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US Welcome Mat Appears Tattered

NEW AMERICANS: AN ORAL HISTORY by Al Santoli, New York: Viking. 392 pp. $19.95

IN a single week a local newspaper spotlights three stories on the trials and tribulations of recent immigrants to the area. A national television network focuses a news segment on the Immigrant Wall of Honor at Ellis Island, a tribute to the fortitude of those refugees who landed in New York harbor.

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Both instances serve as a reminder to those who were born in the United States that not everyone has been as fortunate, and that for many recent arrivals the welcome mat has appeared threadbare.

Al Santoli's oral history of recent immigrants and refugees to the US is a collection of tales that flow from interviews he conducted with recent arrivals. Each confirms that coming to America, the land of plenty and opportunity, doesn't necessarily end the struggle to survive and achieve.

Clearly, there is a unique fiber in the character of those individuals who choose to emigrate from the familiar - whether they were oppressed or not. The subjects in Santoli's book have entered the US with little money, no guarantees for employment, and limited English. They have come with a tireless determination to pursue the American dream.

The eight families and 10 individuals whose first-person accounts are presented here represent the current demographic shift in immigration - fewer Europeans, more South and Latin Americans, Cubans, and Asians. The book's jacket highlights the West Coast as the primary port of entry. The immigrants' gratitude for the opportunity the US offers both humbles and amazes.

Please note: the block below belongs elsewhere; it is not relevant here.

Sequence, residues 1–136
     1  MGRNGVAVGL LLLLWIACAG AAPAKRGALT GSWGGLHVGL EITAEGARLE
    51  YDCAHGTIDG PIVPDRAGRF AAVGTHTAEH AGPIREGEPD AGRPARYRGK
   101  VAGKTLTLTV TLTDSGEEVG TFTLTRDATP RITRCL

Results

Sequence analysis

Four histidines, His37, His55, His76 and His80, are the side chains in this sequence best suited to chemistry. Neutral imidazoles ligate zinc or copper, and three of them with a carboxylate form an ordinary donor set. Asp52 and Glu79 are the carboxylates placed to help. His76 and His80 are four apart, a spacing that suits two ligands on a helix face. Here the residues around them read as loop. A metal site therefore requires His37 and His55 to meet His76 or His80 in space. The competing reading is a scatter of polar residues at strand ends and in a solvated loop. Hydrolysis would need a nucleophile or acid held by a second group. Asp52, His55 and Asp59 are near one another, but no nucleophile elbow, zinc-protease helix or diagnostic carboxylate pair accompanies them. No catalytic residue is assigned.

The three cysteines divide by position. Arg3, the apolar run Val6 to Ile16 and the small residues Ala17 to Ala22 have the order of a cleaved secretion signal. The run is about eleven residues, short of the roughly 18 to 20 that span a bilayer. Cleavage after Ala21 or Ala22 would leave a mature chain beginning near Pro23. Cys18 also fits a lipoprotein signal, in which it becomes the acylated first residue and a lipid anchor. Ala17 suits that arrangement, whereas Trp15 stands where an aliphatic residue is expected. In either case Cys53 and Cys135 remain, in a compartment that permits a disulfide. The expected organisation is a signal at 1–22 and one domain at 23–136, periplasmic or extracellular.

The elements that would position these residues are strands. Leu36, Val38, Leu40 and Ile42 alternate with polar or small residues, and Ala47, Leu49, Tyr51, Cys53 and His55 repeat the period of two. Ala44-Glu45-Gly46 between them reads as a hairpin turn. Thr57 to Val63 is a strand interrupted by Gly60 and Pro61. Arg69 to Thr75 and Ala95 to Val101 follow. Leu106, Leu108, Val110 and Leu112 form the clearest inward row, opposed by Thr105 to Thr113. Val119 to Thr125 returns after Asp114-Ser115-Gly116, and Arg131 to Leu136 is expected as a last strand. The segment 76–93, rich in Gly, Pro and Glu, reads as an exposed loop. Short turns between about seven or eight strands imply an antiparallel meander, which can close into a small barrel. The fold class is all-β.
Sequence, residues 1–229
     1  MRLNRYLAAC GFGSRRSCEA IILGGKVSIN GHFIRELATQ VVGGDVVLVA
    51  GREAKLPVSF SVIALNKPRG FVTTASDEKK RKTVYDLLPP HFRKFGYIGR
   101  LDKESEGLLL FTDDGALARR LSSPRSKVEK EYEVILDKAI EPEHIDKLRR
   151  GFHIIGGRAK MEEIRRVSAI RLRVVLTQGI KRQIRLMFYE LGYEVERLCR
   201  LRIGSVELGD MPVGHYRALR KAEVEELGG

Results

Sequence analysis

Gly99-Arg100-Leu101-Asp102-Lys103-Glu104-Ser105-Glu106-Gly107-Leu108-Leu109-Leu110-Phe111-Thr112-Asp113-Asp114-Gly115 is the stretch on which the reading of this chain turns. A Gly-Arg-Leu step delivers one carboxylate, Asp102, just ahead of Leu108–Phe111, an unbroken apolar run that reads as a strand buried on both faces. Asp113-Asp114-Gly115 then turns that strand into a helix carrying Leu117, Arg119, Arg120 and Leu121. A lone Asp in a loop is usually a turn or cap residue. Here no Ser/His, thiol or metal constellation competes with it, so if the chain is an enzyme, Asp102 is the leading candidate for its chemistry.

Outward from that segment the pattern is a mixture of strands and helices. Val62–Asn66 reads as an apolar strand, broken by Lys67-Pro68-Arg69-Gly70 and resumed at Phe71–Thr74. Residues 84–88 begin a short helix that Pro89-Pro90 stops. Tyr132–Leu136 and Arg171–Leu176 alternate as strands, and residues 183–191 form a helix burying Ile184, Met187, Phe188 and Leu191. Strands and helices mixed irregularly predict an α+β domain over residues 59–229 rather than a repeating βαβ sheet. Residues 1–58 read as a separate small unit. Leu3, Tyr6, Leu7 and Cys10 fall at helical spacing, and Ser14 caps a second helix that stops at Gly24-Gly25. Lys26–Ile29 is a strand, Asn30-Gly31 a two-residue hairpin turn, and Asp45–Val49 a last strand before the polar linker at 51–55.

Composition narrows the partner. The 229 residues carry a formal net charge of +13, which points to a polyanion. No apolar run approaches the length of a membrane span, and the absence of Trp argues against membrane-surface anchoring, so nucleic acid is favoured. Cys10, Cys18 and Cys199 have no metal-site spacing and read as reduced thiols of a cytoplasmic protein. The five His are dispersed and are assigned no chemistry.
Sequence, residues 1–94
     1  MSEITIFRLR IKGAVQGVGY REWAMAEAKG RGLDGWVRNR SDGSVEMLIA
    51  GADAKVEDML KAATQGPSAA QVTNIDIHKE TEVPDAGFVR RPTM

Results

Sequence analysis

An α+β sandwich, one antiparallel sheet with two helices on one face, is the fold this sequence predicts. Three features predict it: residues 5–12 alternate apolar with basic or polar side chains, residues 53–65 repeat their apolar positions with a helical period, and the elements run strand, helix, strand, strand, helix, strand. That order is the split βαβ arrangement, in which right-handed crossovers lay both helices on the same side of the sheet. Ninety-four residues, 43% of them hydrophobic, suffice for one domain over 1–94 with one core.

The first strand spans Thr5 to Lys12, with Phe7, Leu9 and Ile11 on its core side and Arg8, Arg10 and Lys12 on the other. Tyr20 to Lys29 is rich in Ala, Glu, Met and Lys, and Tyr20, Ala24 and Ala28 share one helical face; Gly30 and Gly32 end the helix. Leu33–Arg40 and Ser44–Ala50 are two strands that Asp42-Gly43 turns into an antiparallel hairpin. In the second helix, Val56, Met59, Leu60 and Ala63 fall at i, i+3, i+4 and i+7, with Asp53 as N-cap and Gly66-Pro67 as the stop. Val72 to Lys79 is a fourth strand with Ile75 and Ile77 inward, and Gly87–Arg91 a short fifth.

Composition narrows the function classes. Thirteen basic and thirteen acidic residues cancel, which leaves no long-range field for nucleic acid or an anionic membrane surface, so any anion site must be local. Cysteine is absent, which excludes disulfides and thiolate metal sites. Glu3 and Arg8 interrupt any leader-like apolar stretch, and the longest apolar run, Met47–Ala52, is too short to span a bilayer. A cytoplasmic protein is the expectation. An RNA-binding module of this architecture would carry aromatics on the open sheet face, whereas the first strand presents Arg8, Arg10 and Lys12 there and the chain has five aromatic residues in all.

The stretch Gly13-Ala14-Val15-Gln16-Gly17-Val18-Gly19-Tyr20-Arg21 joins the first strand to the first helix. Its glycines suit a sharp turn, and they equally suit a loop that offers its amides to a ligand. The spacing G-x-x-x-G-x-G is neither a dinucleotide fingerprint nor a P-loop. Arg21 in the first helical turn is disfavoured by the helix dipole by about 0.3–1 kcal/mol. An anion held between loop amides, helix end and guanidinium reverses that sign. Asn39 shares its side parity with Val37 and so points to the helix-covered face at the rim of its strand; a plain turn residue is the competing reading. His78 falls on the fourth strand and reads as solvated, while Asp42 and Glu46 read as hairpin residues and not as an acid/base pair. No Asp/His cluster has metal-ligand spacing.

Each story is unique but there is a common theme of escape from political oppression or economic stagnation, or both. Throughout a chapter's scenario of hardship, struggle, and survival in the new world, there is a sense that the newcomers consider they are reaching their goals.

Jozef Patyna of Poland and his wife and two children tell of their introduction to America.

``Our ... sponsor ... was a stranger ... who volunteered to sponsor us through a refugee-assistance agency.... She drove us to a building ... a second-floor apartment ... [no heat, no gas] No electricity.... She ... said, `Wait for me, I'll be back.' ... Our sponsor returned [three days later]. That was an emotional time, because it was Christmas Eve.... She gave us $50 for shopping. I was very angry,...'' Patyna said.

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Santoli argues that while some in the US may complain about this new influx of immigrants, the evidence is overwhelming that they are contributing substantially to a diminished labor force as the nation experiences a decline in the birthrate. They are helping to balance their new country's need for workers.

A few have had the support of friends as they launched their new lives. As a high school exchange student, Daud Nassery of Afghanistan had lived with a family in Eastham, Mass. Some years later, when political conditions in his homeland became unbearable, he contacted his American ``family'' with his plans to emigrate with his wife and children.

``The Browns and other friends created a fund in my name at one of the banks.... The money that my American parents sent to me [to escape] was from the fund,'' he explains.

In his search for subjects, Santoli spoke with friends of friends and family. These new Americans run the gamut of emotions from euphoria on having the services and choices here to concerns over their lack of marketable skills, or how well their children are assimilating.

``We hope the children can finish high school and have a career of their choice,'' say illegal immigrants Jos'e and Rosa Mar'ia Urbina of Ju'arez, Mexico. ``[We] would like to become American citizens.''

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